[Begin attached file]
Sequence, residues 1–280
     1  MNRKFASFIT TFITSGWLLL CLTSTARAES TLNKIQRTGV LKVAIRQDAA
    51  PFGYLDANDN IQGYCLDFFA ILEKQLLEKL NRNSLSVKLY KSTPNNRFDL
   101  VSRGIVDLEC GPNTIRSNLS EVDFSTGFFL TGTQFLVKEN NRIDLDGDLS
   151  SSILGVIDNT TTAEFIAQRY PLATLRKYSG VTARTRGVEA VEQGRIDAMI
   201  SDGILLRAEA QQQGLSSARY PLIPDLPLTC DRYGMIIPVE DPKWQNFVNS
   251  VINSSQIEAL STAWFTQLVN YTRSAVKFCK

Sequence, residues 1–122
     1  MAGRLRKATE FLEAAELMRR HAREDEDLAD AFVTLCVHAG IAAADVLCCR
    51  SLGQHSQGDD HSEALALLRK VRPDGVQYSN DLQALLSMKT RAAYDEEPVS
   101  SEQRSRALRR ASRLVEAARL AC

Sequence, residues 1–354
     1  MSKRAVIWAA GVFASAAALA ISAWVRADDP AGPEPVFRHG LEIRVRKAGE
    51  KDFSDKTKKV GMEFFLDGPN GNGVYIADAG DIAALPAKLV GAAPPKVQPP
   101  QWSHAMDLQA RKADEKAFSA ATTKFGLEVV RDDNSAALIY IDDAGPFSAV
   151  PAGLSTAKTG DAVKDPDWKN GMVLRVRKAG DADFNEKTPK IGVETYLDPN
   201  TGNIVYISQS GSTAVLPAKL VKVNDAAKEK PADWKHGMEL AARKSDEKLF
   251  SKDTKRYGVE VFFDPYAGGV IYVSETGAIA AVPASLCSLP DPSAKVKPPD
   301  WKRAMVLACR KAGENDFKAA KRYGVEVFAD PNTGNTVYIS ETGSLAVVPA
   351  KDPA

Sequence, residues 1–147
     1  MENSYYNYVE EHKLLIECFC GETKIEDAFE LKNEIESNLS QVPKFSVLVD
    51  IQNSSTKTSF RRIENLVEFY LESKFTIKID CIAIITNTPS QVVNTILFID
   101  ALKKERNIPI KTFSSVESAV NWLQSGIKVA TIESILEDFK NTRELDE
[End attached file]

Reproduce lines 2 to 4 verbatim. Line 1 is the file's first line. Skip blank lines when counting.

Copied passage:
     1  MNRKFASFIT TFITSGWLLL CLTSTARAES TLNKIQRTGV LKVAIRQDAA
    51  PFGYLDANDN IQGYCLDFFA ILEKQLLEKL NRNSLSVKLY KSTPNNRFDL
   101  VSRGIVDLEC GPNTIRSNLS EVDFSTGFFL TGTQFLVKEN NRIDLDGDLS